Male Nude on Chaise Longue, 1999. All images courtesy of 101 Art Gallery, Port of Spain, Trinidad/NYR Blog.
The late painter Boscoe Holder is known for his famous portraits of black Trinidadian women. But, perhaps, his true legacy lies in his erotically-charged nudes of men, most of which were not publicly exhibited and are, thus, not known to the general public during his lifetime.
The reasons for this are, perhaps, many. Trinidad and Tobago remains in many ways a remarkably taboo-filled society, notwithstanding its cultural rituals which are based on subversion. The idea of the male body being sexual and sexualised in almost the same manner as the female body is, for some, an uncomfortable reality.
Further complications arise given hegemonic notions of sexuality and sexual identity: gay, straight, bi and the normative claims which these paintings are not primarily concerned with in their quest for a truth.
Thus, many of the nudes are quietly held in private collections, for the private pleasure of their owners, much in the way secret longings and desires unfold behind closed doors. As such, the artist Peter Doig has lamented the lack of accessibility to them, in the context of a larger conversation on the lack of proper archiving of art works in this region. (Doig has provoked a response by editor and virtual part-time archivist Nicholas Laughlin).
Trinidad does have a lack of adequate archives for the output of its artists. But of course, this problem is not unique to Trinidad and Tobago. All over the world there are unknown treasures, waiting to be brought within reach of larger audiences. We may complain of the lack of proper archiving of these objects everywhere. For that is the nature of the beast: if not recorded, then how can they be encountered? And how do we know of great work's neglect, if the work is neglected?
But let us interrogate this further: if a tree falls in a forest and no one is around to hear the sound, does it make a sound? Does the tree even exist? This is the problem of Plato's allegory of the cave.
Does the fact that Boscoe's nudes are enjoyed in secret mean they do not exist? They have no merit? That they are "undiscovered"--to use that maddening, if not derogatory, term? Did the artist intend these pieces to have a special private relationship with those who see it? Or was he simply caving in to social pressures? Or made uncomfortable by them? Does the world need to discover all that is hidden? Why? For the democratic spread of beauty? Of culture? Of social commodities? Whose beauty? Whose culture? Whose social commodities? Or is art truth? Are these paintings truth? And thus, a justification in themselves? Then, does truth demand visibility to be true?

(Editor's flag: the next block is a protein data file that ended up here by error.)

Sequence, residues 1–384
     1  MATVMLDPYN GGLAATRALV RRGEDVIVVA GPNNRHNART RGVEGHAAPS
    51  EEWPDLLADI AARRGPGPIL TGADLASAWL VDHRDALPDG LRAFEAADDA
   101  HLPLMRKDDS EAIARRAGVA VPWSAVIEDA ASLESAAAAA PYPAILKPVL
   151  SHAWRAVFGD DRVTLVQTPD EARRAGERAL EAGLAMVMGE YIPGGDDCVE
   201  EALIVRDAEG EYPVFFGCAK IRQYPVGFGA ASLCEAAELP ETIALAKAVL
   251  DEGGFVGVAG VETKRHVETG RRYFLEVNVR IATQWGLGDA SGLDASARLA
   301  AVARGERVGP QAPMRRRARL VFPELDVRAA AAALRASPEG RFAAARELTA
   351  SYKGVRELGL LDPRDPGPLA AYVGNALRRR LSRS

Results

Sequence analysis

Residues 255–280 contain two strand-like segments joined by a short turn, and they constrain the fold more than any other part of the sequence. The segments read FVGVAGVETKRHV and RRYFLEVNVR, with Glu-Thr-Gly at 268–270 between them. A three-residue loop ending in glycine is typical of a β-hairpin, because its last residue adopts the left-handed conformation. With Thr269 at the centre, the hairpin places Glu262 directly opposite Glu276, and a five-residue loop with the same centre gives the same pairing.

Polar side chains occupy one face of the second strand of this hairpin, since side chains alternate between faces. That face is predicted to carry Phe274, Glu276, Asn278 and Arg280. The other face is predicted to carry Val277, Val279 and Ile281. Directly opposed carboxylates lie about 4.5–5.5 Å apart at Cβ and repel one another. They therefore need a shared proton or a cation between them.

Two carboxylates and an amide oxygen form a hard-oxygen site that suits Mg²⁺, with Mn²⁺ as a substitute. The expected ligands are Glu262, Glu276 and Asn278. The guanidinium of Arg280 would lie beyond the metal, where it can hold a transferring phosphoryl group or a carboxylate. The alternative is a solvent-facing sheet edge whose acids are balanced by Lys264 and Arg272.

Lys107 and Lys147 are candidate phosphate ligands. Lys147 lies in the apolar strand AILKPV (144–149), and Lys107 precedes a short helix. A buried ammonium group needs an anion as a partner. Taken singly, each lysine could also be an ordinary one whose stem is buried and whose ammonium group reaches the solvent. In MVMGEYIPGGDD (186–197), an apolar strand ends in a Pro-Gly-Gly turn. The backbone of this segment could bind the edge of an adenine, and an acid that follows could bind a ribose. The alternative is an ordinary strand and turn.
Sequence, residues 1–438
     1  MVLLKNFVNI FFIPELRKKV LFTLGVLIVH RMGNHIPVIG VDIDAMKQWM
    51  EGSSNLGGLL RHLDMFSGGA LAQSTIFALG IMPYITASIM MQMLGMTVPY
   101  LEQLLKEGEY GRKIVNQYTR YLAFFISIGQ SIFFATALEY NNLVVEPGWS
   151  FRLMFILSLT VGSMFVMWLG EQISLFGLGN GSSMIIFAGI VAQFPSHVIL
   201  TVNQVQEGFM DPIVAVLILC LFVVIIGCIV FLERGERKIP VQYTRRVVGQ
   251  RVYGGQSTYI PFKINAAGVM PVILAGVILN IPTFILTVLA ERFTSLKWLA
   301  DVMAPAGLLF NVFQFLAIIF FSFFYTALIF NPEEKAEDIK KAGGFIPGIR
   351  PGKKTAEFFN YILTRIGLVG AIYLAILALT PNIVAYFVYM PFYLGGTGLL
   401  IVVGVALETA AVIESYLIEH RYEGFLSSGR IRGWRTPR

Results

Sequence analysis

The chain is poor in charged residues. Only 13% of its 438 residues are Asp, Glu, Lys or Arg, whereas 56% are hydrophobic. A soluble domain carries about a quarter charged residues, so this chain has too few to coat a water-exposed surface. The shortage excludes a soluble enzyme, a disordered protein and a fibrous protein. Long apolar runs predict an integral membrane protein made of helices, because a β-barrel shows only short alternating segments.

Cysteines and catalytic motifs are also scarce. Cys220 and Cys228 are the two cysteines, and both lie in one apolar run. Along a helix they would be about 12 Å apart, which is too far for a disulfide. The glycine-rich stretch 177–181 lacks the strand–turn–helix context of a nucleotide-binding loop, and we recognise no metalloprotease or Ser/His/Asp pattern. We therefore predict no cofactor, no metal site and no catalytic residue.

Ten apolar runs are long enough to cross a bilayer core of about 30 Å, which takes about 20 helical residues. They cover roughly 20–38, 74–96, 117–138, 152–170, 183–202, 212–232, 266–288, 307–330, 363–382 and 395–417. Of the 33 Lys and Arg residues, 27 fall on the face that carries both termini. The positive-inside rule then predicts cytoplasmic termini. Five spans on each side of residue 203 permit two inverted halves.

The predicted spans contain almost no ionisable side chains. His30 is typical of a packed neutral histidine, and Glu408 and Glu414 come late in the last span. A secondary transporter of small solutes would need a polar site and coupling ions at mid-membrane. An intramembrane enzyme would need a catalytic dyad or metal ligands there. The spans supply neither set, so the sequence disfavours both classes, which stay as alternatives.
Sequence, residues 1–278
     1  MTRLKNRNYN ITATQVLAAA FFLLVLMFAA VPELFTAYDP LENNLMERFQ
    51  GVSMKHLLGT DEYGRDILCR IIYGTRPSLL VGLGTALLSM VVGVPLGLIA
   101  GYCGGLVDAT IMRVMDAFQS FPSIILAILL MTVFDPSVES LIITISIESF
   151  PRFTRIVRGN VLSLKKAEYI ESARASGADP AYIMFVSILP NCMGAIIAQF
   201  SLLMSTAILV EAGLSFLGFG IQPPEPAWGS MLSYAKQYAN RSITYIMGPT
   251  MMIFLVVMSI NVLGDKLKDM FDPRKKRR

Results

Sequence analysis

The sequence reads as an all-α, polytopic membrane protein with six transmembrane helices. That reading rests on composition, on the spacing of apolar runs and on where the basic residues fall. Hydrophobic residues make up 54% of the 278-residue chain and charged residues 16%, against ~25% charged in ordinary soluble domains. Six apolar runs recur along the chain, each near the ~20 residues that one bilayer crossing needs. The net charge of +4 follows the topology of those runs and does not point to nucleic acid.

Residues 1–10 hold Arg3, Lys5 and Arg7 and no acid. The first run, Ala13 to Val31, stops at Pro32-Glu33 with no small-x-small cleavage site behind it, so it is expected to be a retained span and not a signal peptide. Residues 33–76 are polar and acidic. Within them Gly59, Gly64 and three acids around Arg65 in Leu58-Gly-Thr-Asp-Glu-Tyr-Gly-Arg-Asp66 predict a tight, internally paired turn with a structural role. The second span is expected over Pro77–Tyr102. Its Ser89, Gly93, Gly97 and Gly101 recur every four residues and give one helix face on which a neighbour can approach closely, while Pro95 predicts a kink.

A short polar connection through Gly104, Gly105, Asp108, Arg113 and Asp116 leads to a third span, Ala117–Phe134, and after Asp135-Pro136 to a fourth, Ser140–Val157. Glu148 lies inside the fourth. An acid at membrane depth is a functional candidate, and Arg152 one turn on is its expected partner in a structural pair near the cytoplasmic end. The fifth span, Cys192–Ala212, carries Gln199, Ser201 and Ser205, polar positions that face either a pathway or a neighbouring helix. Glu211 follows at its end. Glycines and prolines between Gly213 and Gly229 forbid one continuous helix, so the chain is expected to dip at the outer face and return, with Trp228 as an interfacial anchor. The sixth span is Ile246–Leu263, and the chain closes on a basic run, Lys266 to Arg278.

The politics of all of this is not simple. And there is no clear answer to any of these issues. For sure the exposure of Holder's work is, in my view, a good thing. But it is not a condition of the truth contained in the work.
Christian, 1976. Typically, only when Holder's male subjects are clothed do they look us in the eye.
And the work is clearly worthy of interrogation and debate.
These paintings are not simply representations of the human body. They are also subtle comments: with delicate elements of surrealism in the way limbs are proportioned just beyond the typical, but not implausibly so: thighs are made larger, arms bend ever so gently in unnatural ways. The issue here is not Holder's technical competence, but rather his feeling that the work was acceptable in its suggestion, if not the subject's form. There is something of Modigliani here. But something completely and utterly Trinidadian, even in its idiosyncrasy.
Also, the men in these paintings rarely stare at us directly. Faces look down, eyes glimpse to the side. When there is a direct gaze, the body is either covered or not visible. When naked and exposed, vulnerability, virility, strength and beauty is mediated, almost, by a kind of reticence: shame or fear or insecurity or insincerity. The tension in the pieces comes not just from their eroticism, but that palpable feeling that the paintings are unfolding behind closed doors. And we, like the painter, are intruding.